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Topic: TRADE


cost

1 noun
     
cost1 S1 W1
1 [countable] the amount of money that you have to pay in order to buy, do, or produce somethingCOLLOCATIONS COLLOCATIONS
pay the cost of something meet/bear the cost (of something) (=pay for something) cover the cost (of something) (=pay for all of something) the cost of doing something at a cost of $10/$100 etc high/low cost full/total cost extra/additional cost rising/escalating cost at no extra cost (to somebody) labour/transport/legal etc costs running/operating costs (=what it costs to organize an event or run a business)
cost of
the cost of accommodation
I offered to pay the cost of the taxi.
Insurance to cover the cost of a funeral is possible.
This doesn't include the cost of repairing the damage.
The new building's going up at a cost of $82 million.
low cost housing
the high cost of production
A cassette/radio is included at no extra cost.
The funds will just cover the museum's running costs.
cost of living
2

costs

[plural]
a) the money that you must regularly spend in order to run a business, a home, a car etc
reduce/cut costs
We have to cut costs in order to remain competitive.
At this rate we'll barely cover our costs (=make enough money to pay for the things we have bought).
the travel costs incurred in attending the meeting (=money you have to spend)
Because of the engine's efficiency the car has very low running costs (=the cost of owning and using a car or machine).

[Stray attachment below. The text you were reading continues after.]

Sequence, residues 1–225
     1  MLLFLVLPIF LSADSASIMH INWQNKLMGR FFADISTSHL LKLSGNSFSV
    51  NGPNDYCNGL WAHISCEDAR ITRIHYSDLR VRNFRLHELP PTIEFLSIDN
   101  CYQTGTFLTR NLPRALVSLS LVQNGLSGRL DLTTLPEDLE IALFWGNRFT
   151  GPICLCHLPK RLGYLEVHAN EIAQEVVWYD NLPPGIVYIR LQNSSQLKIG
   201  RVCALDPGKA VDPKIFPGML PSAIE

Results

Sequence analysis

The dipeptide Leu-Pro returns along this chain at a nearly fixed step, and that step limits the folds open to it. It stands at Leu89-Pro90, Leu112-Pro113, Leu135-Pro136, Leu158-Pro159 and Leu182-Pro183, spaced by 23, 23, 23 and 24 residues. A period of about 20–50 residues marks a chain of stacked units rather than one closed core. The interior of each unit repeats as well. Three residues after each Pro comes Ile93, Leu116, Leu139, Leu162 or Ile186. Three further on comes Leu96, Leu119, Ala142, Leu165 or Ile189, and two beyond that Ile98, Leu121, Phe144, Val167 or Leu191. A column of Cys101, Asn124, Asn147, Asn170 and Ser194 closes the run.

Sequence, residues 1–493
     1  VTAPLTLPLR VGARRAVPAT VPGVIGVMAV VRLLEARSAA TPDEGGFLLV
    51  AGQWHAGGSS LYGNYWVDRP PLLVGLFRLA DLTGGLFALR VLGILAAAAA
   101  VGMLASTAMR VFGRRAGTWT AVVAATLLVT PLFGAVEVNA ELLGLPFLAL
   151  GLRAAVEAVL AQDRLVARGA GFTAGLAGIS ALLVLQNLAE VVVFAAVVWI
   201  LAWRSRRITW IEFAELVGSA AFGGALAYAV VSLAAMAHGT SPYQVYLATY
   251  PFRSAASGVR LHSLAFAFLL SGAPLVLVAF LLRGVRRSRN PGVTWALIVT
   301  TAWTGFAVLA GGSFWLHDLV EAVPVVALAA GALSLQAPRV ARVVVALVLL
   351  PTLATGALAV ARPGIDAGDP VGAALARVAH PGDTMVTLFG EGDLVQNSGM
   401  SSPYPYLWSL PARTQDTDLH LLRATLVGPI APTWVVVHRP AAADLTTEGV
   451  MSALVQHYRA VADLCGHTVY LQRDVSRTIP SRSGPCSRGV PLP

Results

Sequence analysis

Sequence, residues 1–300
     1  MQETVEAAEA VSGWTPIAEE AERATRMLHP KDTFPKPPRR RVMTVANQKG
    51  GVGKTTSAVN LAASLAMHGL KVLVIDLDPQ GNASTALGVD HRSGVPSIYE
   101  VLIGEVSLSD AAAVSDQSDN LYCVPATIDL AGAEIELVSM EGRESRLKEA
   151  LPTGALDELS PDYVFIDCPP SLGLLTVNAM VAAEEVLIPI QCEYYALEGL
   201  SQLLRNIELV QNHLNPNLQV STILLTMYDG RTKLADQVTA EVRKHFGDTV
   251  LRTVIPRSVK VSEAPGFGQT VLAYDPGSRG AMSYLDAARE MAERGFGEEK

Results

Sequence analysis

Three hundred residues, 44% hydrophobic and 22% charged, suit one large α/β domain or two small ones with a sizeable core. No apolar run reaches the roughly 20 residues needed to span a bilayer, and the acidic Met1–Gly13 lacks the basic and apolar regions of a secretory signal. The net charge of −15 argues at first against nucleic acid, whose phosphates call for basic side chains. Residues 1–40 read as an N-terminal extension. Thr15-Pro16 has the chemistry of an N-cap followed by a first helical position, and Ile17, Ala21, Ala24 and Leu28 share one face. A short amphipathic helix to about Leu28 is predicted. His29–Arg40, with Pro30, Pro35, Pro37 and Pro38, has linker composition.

b) also court costsSCL the money that you must pay to lawyers etc if you are involved in a legal case in court, especially if you are found guilty:
Bellisario won the case and was awarded costs.
He was fined £1000 and ordered to pay costs of £2200.
3 [uncountable and countable] something that you lose, give away, damage etc in order to achieve something
at (a) cost to somebody
She had kept her promise to Christine, but at what cost to herself?
social/environmental etc cost
They need to weigh up the costs and benefits (=disadvantages and advantages) of regulation.
He's determined to win, whatever the cost (=no matter how much work, money, risk etc is needed).
We must avoid a scandal at all costs (=whatever happens).
4 [singular] especially American EnglishBBT the price that someone pays for something that they are going to sell [= cost price]
at cost
His uncle's a car dealer and let him buy the car at cost (=without making a profit).
5

know/find out/learn etc something to your cost

to realize something is true because you have had a very unpleasant experience:
Driving fast in wet conditions is dangerous, as my brother discovered to his cost!

➔ count the cost

at count1 (10)
WORD CHOICE: WORD CHOICE:

cost, costs, price, charge, fee, fare
Use cost to talk about paying for services and activities, rather than objects The total cost of the trip was under $500. I worked out the cost of the repairs. Your costs are the amount of money you have to spend in order to run a business or to do a particular activity The shop was not making enough money to cover its costs. Use price to mean the amount of money that you must pay for something in a place such as a shop or restaurant We are cutting all our prices (NOT costs) by 50% for one day only! We were shocked by the price of a cup of coffee in London. A charge is the amount you have to pay to have a particular service or use something For a small charge we will also make your hotel reservations. A fee is the amount you have to pay to enter or join something The gallery charges no entrance fee. The fee for membership is £25 per year. It is also the amount you have to pay for a professional service The lawyer explained her fees. A fare is the amount you have to pay to travel somewhere by bus, train, plane etc I need some money for my bus fare. His parents paid his fare to Sydney.
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